Oil Market Developments: Interest Rates, Crude Inventories, and OPEC+
Oil prices experienced an upward trajectory on Thursday, with Brent crude surpassing $84 per barrel for the first time since April. This surge was underpinned by supply constraints stemming from OPEC+ production cuts, along with renewed optimism surrounding Chinese demand and global economic expansion.
A streak of four consecutive weeks of gains has characterized the crude oil market, attributed to anticipated supply constriction resulting from output reductions by the Organization of the Petroleum Exporting Countries (OPEC) and its collaborative partners, collectively known as OPEC+. These supply curbs, coupled with certain involuntary disruptions, have contributed to the upward momentum.
Brent crude concluded the session with a gain of $1.32, equivalent to a 1.6% increase, closing at $84.35 per barrel. In parallel, U.S. West Texas Intermediate (WTI) crude registered a rise of $1.31, reflecting a 1.7% climb, settling at $80.09.
UBS analysts asserted a positive perspective on the oil market, noting, "We see the oil market undersupplied. We retain a positive outlook and look for Brent to rise to $85–$90 over the coming months."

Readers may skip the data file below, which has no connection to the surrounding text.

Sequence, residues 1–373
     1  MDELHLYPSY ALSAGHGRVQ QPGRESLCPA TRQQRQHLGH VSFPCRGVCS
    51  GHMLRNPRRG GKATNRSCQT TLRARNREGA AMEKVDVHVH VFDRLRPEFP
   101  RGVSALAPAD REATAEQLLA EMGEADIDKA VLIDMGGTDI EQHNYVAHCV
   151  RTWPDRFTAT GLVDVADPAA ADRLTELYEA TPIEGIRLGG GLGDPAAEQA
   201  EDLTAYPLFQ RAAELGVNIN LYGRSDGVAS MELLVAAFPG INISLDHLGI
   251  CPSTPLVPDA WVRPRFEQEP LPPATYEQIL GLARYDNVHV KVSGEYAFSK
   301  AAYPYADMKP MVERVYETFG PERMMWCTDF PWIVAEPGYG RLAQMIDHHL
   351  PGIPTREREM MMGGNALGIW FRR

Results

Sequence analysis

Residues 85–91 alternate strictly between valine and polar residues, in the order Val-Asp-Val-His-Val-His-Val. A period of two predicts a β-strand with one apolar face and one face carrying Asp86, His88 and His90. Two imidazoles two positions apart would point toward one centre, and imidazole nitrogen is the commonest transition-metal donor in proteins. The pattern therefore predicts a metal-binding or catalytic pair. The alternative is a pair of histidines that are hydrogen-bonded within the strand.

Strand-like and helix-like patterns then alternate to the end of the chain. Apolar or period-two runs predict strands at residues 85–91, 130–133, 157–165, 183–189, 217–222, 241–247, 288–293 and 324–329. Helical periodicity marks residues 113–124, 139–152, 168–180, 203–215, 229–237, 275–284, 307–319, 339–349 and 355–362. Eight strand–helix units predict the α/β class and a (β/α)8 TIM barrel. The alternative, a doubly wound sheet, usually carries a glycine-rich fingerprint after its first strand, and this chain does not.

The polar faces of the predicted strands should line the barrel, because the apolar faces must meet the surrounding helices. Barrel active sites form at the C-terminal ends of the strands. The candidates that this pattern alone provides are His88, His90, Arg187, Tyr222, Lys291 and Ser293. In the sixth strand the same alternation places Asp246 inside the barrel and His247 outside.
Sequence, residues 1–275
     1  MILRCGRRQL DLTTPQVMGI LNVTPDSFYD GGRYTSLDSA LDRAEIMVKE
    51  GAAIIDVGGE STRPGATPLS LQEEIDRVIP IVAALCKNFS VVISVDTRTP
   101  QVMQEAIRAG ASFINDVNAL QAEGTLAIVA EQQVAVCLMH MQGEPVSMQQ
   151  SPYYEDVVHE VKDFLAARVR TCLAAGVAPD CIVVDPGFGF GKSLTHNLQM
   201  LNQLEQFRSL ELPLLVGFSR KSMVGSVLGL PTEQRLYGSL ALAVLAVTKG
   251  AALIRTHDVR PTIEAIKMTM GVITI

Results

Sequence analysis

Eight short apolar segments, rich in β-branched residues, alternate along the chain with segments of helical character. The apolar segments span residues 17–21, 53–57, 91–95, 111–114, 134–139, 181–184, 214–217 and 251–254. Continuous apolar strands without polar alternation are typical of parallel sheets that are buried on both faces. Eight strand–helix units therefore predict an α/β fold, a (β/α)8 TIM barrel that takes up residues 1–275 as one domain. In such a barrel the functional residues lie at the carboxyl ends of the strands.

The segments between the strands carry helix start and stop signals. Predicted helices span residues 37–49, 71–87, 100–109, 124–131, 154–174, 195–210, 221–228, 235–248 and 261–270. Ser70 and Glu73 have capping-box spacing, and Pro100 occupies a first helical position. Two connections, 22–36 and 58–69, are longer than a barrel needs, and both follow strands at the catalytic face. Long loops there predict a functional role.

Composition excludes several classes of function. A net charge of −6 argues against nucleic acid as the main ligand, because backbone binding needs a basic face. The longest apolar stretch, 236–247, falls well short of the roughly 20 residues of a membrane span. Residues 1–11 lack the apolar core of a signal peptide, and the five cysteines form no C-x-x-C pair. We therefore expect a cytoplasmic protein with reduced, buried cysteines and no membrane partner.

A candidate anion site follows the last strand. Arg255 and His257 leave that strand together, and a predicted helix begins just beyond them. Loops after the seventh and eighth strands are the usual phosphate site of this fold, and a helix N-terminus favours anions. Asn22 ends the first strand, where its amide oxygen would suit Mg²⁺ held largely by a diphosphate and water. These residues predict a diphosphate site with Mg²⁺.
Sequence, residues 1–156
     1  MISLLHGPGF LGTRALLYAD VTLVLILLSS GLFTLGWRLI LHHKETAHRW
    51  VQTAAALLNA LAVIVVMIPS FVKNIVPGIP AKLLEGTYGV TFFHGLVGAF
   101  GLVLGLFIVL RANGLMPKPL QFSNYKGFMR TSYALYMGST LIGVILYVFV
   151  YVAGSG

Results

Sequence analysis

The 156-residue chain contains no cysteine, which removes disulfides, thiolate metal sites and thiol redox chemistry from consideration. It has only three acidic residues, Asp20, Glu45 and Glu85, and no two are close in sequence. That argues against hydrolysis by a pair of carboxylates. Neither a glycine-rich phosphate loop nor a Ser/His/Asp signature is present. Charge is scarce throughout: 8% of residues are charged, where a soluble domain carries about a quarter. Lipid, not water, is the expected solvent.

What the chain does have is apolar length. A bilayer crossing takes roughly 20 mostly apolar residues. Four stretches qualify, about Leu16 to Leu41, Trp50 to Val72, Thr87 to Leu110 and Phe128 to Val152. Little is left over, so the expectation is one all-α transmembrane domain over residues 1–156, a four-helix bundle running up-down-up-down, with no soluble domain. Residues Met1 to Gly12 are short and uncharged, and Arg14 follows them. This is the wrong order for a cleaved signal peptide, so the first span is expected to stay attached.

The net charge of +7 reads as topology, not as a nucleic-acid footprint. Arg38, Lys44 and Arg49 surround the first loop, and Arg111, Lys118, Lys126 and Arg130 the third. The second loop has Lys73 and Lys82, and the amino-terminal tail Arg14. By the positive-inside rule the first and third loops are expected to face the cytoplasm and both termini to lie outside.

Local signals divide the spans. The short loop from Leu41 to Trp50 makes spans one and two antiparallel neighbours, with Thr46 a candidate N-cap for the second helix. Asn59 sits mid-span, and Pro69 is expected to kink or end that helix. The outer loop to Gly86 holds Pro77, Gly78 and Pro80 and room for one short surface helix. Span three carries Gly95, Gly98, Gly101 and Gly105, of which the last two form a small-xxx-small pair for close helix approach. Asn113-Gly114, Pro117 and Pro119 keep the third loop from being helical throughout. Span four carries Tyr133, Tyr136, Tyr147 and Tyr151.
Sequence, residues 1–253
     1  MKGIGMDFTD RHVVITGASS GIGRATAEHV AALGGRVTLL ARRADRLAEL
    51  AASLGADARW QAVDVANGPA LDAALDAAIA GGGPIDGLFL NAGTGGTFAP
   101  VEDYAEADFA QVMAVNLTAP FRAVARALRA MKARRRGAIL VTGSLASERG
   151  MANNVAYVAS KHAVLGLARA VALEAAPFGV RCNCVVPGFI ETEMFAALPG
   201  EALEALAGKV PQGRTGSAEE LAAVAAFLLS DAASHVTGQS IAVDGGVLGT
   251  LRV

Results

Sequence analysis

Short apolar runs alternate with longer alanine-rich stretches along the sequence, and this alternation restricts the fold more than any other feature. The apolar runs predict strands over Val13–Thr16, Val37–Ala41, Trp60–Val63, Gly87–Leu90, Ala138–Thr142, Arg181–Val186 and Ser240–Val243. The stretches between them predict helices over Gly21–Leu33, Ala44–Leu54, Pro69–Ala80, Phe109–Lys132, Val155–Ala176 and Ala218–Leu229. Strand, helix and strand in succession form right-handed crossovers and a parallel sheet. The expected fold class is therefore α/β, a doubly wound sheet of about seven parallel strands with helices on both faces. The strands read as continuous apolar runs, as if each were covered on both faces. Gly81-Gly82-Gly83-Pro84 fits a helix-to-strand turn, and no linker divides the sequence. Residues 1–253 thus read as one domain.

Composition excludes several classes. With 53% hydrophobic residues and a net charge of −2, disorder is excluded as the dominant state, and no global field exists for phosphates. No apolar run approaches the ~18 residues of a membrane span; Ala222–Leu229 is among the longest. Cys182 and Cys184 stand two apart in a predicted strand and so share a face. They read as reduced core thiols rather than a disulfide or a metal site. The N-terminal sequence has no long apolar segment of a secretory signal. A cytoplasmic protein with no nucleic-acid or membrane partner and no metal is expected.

However, a slight setback occurred on the preceding day when U.S. crude inventories posted a decline that fell short of expectations. Moreover, the U.S. Federal Reserve executed an interest rate increase of 25 basis points, creating an avenue for potential further adjustments.
The prevailing risk appetite in broader financial markets has received a boost from growing anticipation that central banks like the Federal Reserve are approaching the culmination of their policy tightening endeavors. Such a trend could augment the prospects for both global economic expansion and energy demand.
Recent government data revealed a robust 2.4% growth rate for the U.S. economy in the last quarter. The resilience of the labor market has bolstered consumer spending, while businesses have channeled efforts into equipment investment, potentially mitigating the risk of a recession.
Jim Ritterbusch, President of Ritterbusch and Associates in Galena, Illinois, highlighted the appealing nature of risk assets such as oil in light of interest rate hikes nearing a peak and mounting confidence in avoiding a recession. He remarked, "With interest rate hikes either at or near a peak amidst increasing views that a recession will be avoided, risk assets such as oil have become increasingly appealing."
The European Central Bank continued its pattern of interest rate hikes, marking the ninth consecutive increase.
A commitment announced by China to bolster policy support for its economy has ignited expectations of a resurgence in oil demand from the world's largest importer of crude oil. Phillip Nova analyst Priyanka Sachdeva emphasized this prospect in a note.
Looking forward, attention is directed towards an upcoming meeting on August 4, where OPEC+ ministers will convene to review and assess the state of the market.